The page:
How to write great cover letters
Some recruiters don’t read cover letters, so if you don’t include one it's no big deal. However, some recruiters will dismiss your application if you don’t have one – by default.
1. Purpose of a cover letter
Recruiters don't want to hire someone who just wants a job - they want to hire someone who has a strong interest in their role.
This is important to keep in mind when you're considering whether you should include a cover letter in your next job application.
Don't miss the opportunity to convey your interest and suitability by excluding a cover letter. You don't want to be rejected for your dream job, simply because you failed to include one.
Recruitment is a process, and sending your curriculum vitae (CV) and a cover letter is the first of many steps.
These documents together fulfil one sole mission - to place you on the list of candidates who make it through to the next stage.
Takeaway - never submit an application without a cover letter.
2. Generic or tailored?
Some applicants use a generic cover letter for all of their applications. Others make slight changes when applying for different roles, but it is still generic.
Including a generic cover letter can have a detrimental impact on how you are judged by the recruiter. It would almost be better to not include a cover letter at all.
Instead, you need to show that you are specifically applying for the job by:
Takeaway - you need to tailor your cover letter to every position you apply for.
You should address each key selection criteria from the job advertisement. If you do not have this experience / qualification then say so, as it will come out anyway.
It is perfectly okay to apply for jobs where you don’t meet all the selection criteria.
However, if you do apply for job vacancies where you don’t meet all the selection criteria, you will need to address why you are applying and what might compensate for your lack of experience / qualification.
Your cover letter should not be a copy of what is in your CV. Think of yourself as a sales person. Your CV is a brochure, while your cover letter is an effective tool for highlighting why you should be considered. It tells the recruiter why they should read your CV, and what they should look out for when doing so.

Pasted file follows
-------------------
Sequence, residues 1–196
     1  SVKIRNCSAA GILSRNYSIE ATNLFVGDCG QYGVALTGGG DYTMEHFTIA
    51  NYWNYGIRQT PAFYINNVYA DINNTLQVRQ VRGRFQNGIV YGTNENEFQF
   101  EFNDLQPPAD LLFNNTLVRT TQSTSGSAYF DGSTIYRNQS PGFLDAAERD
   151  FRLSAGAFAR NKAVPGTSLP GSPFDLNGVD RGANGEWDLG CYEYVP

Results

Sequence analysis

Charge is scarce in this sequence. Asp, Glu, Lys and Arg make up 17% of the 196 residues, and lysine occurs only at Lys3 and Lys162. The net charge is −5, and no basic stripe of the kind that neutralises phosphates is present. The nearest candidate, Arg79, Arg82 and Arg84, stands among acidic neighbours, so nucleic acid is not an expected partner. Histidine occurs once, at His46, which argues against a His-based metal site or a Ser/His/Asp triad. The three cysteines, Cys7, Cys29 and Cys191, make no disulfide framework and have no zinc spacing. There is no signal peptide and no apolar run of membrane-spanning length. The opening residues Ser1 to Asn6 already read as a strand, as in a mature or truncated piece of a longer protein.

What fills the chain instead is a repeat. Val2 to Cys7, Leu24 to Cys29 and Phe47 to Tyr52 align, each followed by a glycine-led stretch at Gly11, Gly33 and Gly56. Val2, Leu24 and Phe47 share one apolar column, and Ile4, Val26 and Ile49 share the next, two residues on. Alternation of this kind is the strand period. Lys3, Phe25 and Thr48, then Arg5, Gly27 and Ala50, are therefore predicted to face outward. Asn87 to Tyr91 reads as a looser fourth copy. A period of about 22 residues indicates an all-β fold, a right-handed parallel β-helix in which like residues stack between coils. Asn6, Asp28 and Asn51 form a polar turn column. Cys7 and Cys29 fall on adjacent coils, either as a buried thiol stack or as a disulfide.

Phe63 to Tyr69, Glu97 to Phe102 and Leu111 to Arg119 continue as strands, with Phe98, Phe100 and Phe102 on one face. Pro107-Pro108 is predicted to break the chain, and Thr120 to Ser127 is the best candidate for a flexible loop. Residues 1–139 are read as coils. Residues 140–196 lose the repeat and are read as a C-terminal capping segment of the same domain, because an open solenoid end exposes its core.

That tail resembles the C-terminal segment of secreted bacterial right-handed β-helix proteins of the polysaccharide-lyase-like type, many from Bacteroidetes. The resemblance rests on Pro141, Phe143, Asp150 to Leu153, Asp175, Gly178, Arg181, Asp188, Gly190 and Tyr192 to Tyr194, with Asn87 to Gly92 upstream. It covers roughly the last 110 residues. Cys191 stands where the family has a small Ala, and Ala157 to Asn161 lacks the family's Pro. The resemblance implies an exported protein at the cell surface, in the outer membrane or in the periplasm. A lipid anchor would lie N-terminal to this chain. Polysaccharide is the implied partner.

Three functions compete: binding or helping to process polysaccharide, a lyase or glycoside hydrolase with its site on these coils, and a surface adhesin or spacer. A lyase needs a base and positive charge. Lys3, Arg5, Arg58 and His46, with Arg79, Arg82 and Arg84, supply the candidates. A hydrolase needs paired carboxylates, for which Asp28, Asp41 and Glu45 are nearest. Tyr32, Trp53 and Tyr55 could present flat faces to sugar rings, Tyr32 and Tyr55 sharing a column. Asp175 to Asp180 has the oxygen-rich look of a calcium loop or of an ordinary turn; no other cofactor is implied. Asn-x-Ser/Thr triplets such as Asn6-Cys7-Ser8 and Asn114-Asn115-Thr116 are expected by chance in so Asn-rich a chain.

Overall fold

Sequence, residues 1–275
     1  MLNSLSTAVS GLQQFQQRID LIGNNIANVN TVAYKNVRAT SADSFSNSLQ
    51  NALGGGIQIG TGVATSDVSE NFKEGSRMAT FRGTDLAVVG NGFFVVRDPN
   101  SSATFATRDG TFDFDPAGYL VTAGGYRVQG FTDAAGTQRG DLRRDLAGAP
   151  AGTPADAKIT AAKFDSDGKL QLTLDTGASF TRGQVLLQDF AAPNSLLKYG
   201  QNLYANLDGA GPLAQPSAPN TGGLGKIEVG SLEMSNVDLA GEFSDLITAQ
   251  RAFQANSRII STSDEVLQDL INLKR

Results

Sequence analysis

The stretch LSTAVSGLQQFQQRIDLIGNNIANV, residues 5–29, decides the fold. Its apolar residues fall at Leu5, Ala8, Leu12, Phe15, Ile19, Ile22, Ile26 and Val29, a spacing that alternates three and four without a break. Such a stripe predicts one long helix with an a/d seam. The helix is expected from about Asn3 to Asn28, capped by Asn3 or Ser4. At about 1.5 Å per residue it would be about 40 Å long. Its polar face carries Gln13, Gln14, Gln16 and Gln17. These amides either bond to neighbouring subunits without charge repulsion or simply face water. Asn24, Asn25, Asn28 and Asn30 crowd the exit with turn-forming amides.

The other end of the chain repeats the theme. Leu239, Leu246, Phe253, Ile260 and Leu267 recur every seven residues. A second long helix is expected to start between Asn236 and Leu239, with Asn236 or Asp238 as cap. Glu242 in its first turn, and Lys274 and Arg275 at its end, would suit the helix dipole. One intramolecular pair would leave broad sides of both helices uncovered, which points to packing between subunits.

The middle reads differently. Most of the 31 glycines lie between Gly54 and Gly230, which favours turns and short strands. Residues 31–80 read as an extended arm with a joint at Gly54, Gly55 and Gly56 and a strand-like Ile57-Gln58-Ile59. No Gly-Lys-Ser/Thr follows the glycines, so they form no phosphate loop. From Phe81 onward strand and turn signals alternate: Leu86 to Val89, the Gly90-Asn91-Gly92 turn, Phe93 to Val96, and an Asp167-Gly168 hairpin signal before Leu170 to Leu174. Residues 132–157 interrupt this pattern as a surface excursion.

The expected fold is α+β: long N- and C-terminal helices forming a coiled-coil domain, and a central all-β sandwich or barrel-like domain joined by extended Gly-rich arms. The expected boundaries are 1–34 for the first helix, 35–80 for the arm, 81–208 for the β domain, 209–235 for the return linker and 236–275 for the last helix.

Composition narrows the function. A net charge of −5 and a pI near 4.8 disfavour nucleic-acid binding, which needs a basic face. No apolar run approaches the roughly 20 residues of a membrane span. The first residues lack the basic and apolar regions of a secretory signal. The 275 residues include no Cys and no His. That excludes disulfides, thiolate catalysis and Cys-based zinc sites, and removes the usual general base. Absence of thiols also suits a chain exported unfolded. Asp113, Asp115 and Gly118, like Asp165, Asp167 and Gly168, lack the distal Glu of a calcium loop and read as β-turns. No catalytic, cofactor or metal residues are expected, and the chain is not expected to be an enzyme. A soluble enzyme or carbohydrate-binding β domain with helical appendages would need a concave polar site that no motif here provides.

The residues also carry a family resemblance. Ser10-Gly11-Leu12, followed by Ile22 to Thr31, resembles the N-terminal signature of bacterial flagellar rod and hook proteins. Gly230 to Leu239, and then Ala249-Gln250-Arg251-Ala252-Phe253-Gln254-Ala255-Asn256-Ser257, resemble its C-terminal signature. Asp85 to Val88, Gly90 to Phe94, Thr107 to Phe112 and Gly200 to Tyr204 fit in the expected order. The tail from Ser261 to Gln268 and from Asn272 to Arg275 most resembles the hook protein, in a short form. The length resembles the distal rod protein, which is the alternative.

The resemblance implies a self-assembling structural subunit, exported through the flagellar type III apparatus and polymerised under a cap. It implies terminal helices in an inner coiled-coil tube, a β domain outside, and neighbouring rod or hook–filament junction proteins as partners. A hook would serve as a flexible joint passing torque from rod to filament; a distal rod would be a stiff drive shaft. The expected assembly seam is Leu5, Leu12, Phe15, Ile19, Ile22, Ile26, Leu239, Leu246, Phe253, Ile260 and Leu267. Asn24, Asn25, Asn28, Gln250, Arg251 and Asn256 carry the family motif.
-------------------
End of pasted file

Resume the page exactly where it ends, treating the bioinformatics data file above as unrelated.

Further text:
At this stage, your aim is simply to avoid exclusion. Typically, 80% of all applications get rejected at this stage. 10% end up in the “maybe” pile and only 10% make it to the next round. You want to be in the last 10%.
However, you shouldn't write a lot in your cover letter. Keep it short and straight-forward. The recruiter does not want to read a novel.
Takeaway - the purpose of a cover letter is to qualify you for a phone (screening) call.
Another reason why you should write a tailored cover letter is because it makes you consider whether the role is really for you. If you decide it is not, then you will not waste your time by applying.
Don’t just apply for any random jobs you may come across. Most recruiters these days use software that immediately shows all the jobs you have applied for. At 11 Recruitment, we have candidates that have applied for 30, 50, or even more of our roles. It does not look good. The recruiter may think, "if this is the number of applications they sent to just us, how many other jobs have they applied for?"
This could give the impression that you are not a strong applicant. It raises the question, "why are you still on the market after so many applications?" It puts doubt in the recruiter’s mind.
Lastly, try to be consistent with the type of jobs you are applying for. Recruiters can often see which jobs you have applied for in the past, so they will notice if you have a scattergun approach i.e. applying for everything.
For example, if a candidate applies for the following roles, it will imply that they just want a job, and don't care what type of role it is.
- Funeral Director
- Call Centre Agent
- Customer Service Officer
- Sales Representative
3. A separate document?
Many recruiters try to save time by going straight to your CV. If they see what they are looking for, then they will go back and read your cover letter. Not the other way around.
If they don’t find what they are looking for in your CV, they will reject your application before reading your cover letter and your efforts writing it will go to waste.
To ensure that your cover letter is read every time, you should include it as part of your CV. So when the recruiter goes to read the first page of your CV, they will instead read your cover letter.
Takeaway - make your cover letter the first page of your CV and mention that your CV is listed below.
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